Archive for month: October, 2017

To “know thyself”, ask “who am I”?

Thanks to Lindsay McMurray for this assessment from Taylor Protocols – the Core Values Index: The Core Values Index™ (CVI™)

“The secret is not to learn how to have fun and joy at work; the secret is to do work that is naturally engaging to who you are and what you are, so you know that you are making your highest and best contribution. This allows you to experience real joy naturally as part of your work-life… Sometimes this makes the right job downright fun… The CVI™ is used for a number of different projects including: Top Performer Profiles™Human Capital Audits™Executive Team Profile™, company restructuring, hiring, coaching, development and team-building.”

“Michelle, the CVI assessment found you are an INNOVATOR-MERCHANT.

What does this mean? This means your primary core value is Innovator – An Innovator’s core value energy is WisdomWisdom is the ability to see the way things are, and discern what to do about it. You accurately assess situations and provide solutions. Your secondary core value is Merchant – A Merchant’s core value energy is LoveLove in this sense is working toward an inspired vision of what can be, by nurturing the core values in one’s self and in others. You thrive at building relationships and providing an inspired vision for those around you.”


Innovator/merchants are problem solvers first, needing constant puzzles to solve but working well with others. They see the big picture and lead from creativity. The power of an innovator/merchant is derived from an inexhaustible well of creativity. This creates a deep sense of optimism.

This constant creativity makes the innovator/merchant an invaluable resource in companies where technologies are changing rapidly or competition puts new demands on the marketing and sales systems of the company. They can sell anything because they build relationships, understand their products, and know how to make them fit into a broad range of customer needs.

Innovator/merchants are not put off by any problem of any magnitude. They look for opportunities to demonstrate their prowess at problem solving or at turning around difficult relationships that are at risk.

Innovator/merchants like to be needed, either for their solutions and technologies or for their humanity, creativity and love. This need drives them to achieve relationships that are vision-based and growth-oriented, and to develop products or systems that enhance the richness of the relationships that are formed.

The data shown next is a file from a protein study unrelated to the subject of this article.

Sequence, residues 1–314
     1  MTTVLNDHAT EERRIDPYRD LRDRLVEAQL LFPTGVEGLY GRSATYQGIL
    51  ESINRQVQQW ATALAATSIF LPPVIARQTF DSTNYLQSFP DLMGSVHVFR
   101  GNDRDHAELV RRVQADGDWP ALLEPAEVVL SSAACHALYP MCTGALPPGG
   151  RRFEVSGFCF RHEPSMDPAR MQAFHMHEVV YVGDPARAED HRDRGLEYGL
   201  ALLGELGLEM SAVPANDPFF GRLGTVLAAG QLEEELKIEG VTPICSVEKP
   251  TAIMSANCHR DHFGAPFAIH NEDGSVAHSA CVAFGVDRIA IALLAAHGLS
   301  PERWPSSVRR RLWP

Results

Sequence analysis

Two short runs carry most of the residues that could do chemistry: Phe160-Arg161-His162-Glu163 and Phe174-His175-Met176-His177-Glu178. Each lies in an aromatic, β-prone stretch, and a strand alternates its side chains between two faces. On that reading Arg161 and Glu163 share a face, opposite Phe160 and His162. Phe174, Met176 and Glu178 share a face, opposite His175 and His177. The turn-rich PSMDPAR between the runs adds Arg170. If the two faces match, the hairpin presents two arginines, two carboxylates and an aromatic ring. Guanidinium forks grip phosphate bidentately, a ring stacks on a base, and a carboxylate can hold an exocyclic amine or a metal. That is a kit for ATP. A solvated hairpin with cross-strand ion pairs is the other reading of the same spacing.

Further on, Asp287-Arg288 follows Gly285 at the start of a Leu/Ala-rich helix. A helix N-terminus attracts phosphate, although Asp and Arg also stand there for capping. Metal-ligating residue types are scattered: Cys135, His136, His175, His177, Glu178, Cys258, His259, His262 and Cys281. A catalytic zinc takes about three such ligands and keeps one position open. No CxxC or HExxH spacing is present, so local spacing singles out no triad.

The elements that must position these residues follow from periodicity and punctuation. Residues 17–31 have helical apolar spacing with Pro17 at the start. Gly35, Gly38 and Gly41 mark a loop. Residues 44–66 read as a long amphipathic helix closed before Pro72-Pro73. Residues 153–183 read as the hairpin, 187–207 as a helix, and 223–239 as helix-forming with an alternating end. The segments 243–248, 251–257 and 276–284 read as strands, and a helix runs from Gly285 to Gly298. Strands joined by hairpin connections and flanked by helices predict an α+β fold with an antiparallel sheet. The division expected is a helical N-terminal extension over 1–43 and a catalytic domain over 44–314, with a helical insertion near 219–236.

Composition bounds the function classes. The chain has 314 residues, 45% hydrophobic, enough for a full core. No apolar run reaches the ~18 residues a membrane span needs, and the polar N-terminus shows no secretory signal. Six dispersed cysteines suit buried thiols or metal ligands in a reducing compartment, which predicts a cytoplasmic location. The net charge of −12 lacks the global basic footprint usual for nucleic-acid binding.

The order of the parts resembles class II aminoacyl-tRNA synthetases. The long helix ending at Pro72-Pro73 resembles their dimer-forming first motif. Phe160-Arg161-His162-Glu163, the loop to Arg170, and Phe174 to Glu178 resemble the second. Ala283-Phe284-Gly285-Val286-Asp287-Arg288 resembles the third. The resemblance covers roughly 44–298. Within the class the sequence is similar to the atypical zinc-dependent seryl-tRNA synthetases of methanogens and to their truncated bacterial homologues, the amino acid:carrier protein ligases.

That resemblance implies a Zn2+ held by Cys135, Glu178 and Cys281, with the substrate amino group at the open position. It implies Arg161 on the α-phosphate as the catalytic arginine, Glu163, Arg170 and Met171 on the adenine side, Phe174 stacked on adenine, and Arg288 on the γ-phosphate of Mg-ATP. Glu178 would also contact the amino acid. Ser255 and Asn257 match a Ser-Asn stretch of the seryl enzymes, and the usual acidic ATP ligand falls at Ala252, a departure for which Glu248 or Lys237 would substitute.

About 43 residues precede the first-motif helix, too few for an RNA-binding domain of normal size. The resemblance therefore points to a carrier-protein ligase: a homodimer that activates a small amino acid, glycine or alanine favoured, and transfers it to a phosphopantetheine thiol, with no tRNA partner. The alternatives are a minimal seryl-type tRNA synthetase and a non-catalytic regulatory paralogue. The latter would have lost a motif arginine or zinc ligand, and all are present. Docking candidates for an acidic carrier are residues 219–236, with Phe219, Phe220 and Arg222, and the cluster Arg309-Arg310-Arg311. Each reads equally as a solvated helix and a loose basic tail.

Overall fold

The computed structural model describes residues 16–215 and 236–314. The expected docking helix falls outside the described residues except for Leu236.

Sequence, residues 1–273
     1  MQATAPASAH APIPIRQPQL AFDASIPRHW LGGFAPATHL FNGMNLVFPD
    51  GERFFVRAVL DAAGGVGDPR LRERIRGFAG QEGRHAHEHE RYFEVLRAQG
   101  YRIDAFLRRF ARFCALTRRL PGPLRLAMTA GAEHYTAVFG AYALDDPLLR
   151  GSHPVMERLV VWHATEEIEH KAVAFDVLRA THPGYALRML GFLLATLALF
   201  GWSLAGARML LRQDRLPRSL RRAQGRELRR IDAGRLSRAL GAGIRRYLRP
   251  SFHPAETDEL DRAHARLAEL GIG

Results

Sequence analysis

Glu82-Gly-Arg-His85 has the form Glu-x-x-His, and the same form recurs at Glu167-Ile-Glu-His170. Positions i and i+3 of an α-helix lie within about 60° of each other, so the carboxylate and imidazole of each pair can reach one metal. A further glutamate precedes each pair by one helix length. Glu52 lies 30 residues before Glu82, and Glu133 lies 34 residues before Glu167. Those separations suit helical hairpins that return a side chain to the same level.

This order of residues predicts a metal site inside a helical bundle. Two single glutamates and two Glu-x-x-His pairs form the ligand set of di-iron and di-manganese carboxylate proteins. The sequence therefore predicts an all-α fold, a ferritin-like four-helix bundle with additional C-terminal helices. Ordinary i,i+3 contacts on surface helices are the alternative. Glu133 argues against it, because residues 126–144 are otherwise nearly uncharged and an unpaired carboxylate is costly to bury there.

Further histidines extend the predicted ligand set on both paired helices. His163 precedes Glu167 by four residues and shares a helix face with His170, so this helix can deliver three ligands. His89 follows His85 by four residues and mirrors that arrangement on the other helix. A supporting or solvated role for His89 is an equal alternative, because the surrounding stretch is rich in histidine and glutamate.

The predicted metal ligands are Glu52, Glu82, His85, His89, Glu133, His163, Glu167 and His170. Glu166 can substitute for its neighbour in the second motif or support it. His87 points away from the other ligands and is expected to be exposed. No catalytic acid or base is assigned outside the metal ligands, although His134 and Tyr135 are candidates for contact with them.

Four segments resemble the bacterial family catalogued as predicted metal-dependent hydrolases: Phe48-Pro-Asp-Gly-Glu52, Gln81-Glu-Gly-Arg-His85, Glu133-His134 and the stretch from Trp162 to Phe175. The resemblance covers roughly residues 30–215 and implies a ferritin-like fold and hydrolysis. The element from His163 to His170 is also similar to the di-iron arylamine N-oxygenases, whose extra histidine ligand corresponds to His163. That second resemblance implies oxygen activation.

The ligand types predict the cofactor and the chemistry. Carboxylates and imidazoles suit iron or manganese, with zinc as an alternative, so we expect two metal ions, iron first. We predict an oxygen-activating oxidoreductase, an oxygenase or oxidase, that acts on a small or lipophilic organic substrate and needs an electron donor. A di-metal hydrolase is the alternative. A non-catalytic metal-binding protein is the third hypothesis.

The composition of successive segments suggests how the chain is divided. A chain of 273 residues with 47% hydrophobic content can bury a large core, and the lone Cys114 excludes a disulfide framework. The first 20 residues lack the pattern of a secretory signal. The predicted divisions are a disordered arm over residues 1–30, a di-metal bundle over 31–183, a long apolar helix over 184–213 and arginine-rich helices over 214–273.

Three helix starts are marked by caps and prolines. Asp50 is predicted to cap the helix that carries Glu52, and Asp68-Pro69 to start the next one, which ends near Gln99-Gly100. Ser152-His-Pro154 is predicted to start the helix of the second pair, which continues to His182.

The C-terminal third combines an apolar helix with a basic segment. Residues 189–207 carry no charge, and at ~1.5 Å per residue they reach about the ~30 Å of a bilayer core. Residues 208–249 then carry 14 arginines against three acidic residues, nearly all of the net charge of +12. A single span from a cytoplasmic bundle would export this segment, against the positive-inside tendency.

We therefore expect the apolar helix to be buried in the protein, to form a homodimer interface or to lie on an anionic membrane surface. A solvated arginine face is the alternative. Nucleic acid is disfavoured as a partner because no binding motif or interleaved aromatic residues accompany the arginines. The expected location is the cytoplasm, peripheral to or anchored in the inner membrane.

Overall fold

Innovator/merchants are go-anywhere, do-anything kinds of people. For the innovator, the absorption into the problem-solving aspects of any assignment will carry him a long way as long as there remains an opportunity to observe others evaluating and appraising his work once it is finished.

Innovator/merchants, despite their ability to sustain themselves independently, thrive in a team environment. They are excellent team builders and great teachers. They are masters of context and relevance. They not only are good at planning a curriculum and basing it in logic and reasonableness, but they consider the bigger picture. They pay attention to their environment, entertainment, energy levels, and motivation. They enjoy creating exciting and provocative learning situations.

However, innovator/merchants, unrestrained, can be unproductive for themselves and society…..” And I’ll leave it there, so you just see the positives! Ask me about the challenges of the innovator/merchant – or contact Lindsay McMurray for your own assessment!

a thread through September – on being oneself…

I noticed a thread through my September conversations – I wonder if this will speak to you – I”ll post this on, tag you and then figure out what questions to ask… later. Let me know what thoughts you have, maybe easier over on

Check out The art of being yourself by Caroline McHugh – I’ve placed a link on this page – scroll to the bottom…

Turns out…the quirky authentic you is the one we want to know – and the one who can be the most help – with both individual and organizational challenges.